Habitat for Humanity Looks for More Volunteers After Harsh Winter

By Dave Franzman, Reporter

WASHINGTON, Iowa- A Habitat for Humanity project in Washington is putting out an extra call for volunteers after the brutal weather this winter created construction delays.

Margie Roth, Washington County liaison for Iowa Valley Habitat for Humanity, said calls for frozen pipes and other winter problems reduced the time those professional contractors could spend on the Habitat home. So that has put the project several weeks behind schedule with a dedication now set for May 20th.

The group put out an open call for volunteers to help finish the Washington home, located at 1633 Highland Avenue in the northern part of the community.

Volunteers who could help were asked to show up beginning Thursday evening from 6:00 until 9:00 p.m. Volunteers are also needed from 8:00 a.m. until 5:00 p.m. on Friday and Saturday. Jim Cluney, site manager for the Habitat home, said he'll maintain the evening hours for volunteers next week from Tuesday though Thursday and then full days on Friday and Saturday.

Cluney said he'll keep up that volunteer schedule until the project catches up.

Afton and Bob Perry are the prospective homeowners. Both want to move in as soon as possible. They say the project got off to a quick start last fall with a mainly volunteer crew. But things slowed down as the professionals needed to finish their work over the winter.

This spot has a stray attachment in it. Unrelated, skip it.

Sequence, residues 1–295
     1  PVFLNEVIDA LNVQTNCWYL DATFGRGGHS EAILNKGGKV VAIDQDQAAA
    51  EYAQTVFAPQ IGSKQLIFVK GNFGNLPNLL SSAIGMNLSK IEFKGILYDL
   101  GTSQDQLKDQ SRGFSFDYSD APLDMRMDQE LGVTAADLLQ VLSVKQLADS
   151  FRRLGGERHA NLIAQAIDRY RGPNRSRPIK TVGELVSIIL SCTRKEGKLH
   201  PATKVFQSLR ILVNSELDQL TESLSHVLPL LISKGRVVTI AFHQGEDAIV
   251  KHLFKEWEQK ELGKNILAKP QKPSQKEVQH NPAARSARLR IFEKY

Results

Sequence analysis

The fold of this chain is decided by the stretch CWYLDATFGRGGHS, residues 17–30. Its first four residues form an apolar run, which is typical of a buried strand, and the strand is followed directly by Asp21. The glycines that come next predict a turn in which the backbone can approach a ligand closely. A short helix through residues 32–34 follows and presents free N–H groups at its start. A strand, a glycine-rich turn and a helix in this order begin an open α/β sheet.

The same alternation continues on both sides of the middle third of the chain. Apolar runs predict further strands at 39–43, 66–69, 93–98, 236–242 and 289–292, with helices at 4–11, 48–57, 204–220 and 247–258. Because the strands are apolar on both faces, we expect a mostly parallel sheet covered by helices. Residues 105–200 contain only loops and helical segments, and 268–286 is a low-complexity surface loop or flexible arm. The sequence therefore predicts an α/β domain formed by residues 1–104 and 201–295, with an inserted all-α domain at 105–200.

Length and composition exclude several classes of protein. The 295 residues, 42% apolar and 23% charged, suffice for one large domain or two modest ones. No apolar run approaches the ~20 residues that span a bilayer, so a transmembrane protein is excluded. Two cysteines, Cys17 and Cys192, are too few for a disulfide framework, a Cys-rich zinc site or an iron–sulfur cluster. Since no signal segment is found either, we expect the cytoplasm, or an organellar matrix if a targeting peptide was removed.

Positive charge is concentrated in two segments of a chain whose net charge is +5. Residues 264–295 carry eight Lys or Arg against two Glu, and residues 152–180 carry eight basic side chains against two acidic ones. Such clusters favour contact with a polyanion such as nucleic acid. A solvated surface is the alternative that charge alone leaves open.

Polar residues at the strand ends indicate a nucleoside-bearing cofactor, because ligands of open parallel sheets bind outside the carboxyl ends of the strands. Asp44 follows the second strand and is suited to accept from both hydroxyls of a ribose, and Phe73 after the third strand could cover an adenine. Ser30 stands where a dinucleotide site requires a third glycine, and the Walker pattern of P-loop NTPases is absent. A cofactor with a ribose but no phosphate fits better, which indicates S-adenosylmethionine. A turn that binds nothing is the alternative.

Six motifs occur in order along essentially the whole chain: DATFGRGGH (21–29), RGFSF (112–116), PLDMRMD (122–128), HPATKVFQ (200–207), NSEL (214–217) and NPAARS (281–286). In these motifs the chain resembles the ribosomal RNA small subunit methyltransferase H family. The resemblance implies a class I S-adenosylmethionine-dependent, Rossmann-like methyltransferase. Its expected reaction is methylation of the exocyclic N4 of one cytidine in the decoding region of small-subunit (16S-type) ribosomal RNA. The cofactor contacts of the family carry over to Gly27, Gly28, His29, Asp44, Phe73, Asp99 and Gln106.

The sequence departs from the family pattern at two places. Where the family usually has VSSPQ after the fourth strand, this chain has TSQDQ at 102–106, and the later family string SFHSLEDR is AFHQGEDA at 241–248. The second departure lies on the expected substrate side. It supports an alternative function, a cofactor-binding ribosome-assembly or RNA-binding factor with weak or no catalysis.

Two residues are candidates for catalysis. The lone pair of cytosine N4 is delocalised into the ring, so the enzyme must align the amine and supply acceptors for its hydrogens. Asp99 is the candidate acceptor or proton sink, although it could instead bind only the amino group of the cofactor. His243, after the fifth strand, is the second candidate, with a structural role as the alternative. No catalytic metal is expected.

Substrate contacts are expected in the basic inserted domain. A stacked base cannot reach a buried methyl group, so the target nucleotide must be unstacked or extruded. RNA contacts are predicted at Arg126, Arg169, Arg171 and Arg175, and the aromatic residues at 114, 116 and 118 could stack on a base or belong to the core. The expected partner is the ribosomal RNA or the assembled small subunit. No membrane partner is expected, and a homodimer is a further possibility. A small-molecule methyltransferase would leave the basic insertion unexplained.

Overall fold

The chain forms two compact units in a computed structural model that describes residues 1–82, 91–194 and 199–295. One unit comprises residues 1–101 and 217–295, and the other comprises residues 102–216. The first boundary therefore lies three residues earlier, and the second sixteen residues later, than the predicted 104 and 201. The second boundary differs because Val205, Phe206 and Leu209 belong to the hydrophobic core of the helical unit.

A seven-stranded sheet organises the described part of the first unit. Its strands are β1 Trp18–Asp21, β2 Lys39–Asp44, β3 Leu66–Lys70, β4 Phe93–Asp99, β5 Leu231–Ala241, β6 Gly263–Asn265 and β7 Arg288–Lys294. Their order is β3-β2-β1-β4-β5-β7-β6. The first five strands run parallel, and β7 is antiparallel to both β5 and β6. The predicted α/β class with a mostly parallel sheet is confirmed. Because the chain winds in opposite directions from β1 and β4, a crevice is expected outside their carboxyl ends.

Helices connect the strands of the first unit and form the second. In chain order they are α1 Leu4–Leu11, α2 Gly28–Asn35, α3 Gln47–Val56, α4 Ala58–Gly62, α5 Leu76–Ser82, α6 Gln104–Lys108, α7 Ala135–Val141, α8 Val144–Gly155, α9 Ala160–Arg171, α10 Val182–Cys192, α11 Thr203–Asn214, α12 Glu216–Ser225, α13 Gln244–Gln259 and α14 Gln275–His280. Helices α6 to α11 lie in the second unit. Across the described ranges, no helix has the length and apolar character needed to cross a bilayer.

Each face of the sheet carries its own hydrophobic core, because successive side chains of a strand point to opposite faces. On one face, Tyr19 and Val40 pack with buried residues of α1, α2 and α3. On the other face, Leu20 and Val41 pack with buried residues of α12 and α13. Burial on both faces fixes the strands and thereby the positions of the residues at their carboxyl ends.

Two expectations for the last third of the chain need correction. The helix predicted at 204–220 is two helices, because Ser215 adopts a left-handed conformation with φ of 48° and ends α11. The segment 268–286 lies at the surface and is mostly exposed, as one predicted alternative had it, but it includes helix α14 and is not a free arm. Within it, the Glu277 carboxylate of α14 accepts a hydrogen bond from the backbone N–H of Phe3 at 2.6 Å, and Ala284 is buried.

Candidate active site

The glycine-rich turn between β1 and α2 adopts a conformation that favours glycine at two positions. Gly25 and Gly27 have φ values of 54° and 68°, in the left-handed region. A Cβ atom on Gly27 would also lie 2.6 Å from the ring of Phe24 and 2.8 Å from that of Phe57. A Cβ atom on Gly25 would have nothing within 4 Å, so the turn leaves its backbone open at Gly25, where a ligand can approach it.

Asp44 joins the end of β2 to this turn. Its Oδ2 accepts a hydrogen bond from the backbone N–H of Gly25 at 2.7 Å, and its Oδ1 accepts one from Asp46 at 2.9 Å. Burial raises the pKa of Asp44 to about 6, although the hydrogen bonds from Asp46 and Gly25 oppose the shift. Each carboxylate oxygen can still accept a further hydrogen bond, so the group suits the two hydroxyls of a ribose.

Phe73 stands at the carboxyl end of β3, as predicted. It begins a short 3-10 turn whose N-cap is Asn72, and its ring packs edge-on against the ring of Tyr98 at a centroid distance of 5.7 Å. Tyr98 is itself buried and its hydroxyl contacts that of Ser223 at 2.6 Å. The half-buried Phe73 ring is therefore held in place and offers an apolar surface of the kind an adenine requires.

Bob Perry said he and his family are anxious to move into their new home. But they can certainly understand the delay.

"People have freezing pipes and they're not going to say you'll have to wait because we're doing something else right now," Perry said.

But site manager Cluney said it's a little more difficult to organize Habitat volunteers in Washington these days. Three years ago, the Washington Habitat group went inactive and stopped building. Iowa Valley Habitat in Iowa City stepped in to restart efforts in Washington last year.

In the meantime, some of the Habitat regular volunteers in Washington found other projects.

"I've had a few people who've said 'you know I'm getting older and I can't climb the ladder' so along with the older generation that volunteers we're trying to reach out to younger people to fill the gap," Cluney said.

Cluney said in past years, when Habitat was active, groups in Washington like churches and even businesses would send people for an entire day. Some even made it a contest to see who could get the most done. He's hoping to revive that spirit to finish the Washington Habitat home.
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